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Trinity College Dublin

Collaboration of Irish & US scientists successful in the DEISA Extreme Computing Initiative

Researchers from the TCD School of Mathematics have been awarded access to large-scale supercomputing resources under the DEISA Extreme Computing Initiative (DECI-6). DEISA is the Distributed European Infrastructure for Supercomputing Applications, an EU FP7 Research Infrastructure Project.

The successful DECI-6 project will perform ab-initio computations of the spectrum of light isoscalar mesons in quantum chromodynamics (QCD). QCD is the quantum field theory that describes how quarks and gluons interact and bind inside nucleons. One of the most striking and yet poorly understood features of QCD is that the constituent quark and gluons in the theory have never been observed experimentally. This phenomena is termed "confinement". The physical states of QCD are the hadrons: baryons (like the proton and neutron) and mesons. Mesons are made up of a quark and an anti-quark pair, inextricably bound together. The project will investigate the physics of mesons with the simplest quark flavour structure (the isoscalar mesons) using lattice QCD. The isoscalar sector is a particular challenge to understand from both the experimental perspective as well as theory. The difficulty arises as the isoscalar quantum numbers are the same as the QCD vacuum, allowing a large set of quantum states to mix. The project will collaborate with scientists at the Thomas Jefferson National Accelerator Facility (JLab) in the US.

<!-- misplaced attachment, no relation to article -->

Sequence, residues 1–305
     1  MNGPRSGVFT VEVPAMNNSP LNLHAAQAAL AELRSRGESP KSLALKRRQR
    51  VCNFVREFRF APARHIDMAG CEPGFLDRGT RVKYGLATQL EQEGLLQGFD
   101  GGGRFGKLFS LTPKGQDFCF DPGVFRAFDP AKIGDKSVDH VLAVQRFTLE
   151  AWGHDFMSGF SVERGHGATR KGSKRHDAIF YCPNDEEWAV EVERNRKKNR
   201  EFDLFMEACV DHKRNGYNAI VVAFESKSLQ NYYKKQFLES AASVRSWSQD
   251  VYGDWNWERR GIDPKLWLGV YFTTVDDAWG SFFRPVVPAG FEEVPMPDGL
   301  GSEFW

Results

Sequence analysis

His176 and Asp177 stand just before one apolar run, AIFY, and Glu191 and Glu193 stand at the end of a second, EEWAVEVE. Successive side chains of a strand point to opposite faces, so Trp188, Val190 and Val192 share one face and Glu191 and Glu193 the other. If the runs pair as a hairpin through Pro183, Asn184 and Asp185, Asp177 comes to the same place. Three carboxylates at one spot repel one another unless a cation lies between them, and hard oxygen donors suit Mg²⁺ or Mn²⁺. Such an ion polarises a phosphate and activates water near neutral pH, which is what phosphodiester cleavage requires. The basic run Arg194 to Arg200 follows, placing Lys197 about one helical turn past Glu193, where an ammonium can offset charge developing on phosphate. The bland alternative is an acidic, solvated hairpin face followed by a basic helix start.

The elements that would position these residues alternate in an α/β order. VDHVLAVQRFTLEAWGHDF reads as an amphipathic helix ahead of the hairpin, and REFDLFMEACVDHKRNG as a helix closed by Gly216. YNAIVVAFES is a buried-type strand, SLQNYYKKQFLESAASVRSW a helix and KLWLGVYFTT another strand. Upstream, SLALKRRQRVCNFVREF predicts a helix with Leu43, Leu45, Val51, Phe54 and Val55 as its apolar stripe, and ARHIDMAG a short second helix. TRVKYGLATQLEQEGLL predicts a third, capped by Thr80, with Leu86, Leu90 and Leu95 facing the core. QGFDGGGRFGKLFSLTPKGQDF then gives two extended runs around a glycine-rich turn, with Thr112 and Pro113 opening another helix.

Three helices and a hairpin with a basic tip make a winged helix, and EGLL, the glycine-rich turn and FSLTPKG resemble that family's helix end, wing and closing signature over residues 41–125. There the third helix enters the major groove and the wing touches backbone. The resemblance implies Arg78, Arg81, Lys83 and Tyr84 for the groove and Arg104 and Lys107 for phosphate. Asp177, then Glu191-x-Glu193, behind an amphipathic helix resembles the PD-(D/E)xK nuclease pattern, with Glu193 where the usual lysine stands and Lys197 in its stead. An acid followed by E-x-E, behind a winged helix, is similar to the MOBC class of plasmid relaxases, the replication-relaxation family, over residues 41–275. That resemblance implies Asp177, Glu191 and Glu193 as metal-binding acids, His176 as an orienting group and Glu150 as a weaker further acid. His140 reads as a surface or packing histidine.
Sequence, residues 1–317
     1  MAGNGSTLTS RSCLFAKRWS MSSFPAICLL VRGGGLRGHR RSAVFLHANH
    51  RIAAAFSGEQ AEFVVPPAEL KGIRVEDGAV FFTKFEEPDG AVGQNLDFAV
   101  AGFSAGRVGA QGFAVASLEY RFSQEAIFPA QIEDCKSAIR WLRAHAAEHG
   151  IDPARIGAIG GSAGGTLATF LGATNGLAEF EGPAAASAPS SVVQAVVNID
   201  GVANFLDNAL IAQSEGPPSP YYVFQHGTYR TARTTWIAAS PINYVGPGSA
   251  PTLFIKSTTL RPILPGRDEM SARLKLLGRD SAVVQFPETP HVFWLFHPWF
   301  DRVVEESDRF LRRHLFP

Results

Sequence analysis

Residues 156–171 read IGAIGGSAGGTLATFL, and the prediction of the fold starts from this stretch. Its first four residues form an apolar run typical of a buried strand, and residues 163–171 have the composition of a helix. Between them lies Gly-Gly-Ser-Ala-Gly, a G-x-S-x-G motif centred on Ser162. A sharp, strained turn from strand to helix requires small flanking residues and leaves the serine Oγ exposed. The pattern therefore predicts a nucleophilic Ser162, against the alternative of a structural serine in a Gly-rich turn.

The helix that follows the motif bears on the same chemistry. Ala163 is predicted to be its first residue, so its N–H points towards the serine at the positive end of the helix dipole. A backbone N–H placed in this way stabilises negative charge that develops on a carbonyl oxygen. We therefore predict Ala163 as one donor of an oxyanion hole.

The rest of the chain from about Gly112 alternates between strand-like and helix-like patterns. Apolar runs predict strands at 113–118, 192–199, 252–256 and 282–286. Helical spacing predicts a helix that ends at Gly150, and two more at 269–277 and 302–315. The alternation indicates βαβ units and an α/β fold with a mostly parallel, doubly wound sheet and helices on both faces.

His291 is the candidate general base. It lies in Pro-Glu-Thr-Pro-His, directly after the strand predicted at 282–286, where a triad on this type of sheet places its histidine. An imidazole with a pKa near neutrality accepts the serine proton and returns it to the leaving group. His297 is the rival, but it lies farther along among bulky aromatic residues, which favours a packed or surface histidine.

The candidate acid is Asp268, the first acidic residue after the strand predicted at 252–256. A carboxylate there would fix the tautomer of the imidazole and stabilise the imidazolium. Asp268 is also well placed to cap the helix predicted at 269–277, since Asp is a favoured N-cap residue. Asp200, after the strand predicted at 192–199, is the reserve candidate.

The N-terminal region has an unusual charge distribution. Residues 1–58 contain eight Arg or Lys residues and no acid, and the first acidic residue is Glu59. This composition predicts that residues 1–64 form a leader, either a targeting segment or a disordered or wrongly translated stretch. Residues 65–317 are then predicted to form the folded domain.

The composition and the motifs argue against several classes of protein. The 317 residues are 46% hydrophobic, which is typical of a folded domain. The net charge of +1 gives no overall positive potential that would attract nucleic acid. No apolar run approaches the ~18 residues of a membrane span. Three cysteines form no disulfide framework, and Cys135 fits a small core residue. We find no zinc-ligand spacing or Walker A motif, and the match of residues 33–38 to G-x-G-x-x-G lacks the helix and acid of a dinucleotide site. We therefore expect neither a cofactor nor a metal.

The DECI-6 allocation will enable researchers to exploit a new technique, termed "distillation" that has recently been developed by the collaboration. The team will make measurements of the spectrum of these isoscalar states with unprecedented accuracy, giving substantial new insight into the physics of confined quarks and gluons. These insights will support experimental research programmes at JLab and other international accelerators.

The allocation gives researchers 2.4M core-hours on the HPC systems hosted by EPCC, Edinburgh University's Parallel Computing Centre. The project will use the "chroma" software system, developed at JLab. This software has been extensively tested on large-scale computing systems in the US and is developed as part of the US Department of Energy's SciDAC programme. The DECI-6 project extends an existing collaboration between researchers at TCD and JLab.

TCHPC will provide support for the project through enabling grid access and high-speed data transfer, support personnel and the continued maintainance and provision of the significant local compute clusters in TCD needed for post-production data analysis.

Last updated 01 Jul 2010Contact Research IT.